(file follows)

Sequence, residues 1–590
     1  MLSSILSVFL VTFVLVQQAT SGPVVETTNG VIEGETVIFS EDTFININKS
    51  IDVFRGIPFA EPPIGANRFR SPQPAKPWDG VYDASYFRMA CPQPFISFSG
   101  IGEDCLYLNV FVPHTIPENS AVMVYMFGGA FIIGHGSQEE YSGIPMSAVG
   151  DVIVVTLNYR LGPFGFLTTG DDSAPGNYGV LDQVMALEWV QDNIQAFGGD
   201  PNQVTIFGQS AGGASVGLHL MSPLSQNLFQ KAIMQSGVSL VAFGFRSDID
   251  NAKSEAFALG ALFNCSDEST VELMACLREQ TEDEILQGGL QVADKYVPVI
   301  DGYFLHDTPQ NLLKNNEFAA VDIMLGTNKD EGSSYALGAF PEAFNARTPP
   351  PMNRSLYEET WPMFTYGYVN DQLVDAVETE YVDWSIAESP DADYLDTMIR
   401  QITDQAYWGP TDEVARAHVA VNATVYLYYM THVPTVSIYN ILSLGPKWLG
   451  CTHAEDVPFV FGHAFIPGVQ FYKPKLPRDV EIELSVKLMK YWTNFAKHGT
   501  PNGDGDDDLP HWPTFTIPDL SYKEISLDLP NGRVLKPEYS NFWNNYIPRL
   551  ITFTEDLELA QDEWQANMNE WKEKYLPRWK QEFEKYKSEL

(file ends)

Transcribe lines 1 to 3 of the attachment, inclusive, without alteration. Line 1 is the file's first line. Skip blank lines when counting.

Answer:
Sequence, residues 1–590
     1  MLSSILSVFL VTFVLVQQAT SGPVVETTNG VIEGETVIFS EDTFININKS
    51  IDVFRGIPFA EPPIGANRFR SPQPAKPWDG VYDASYFRMA CPQPFISFSG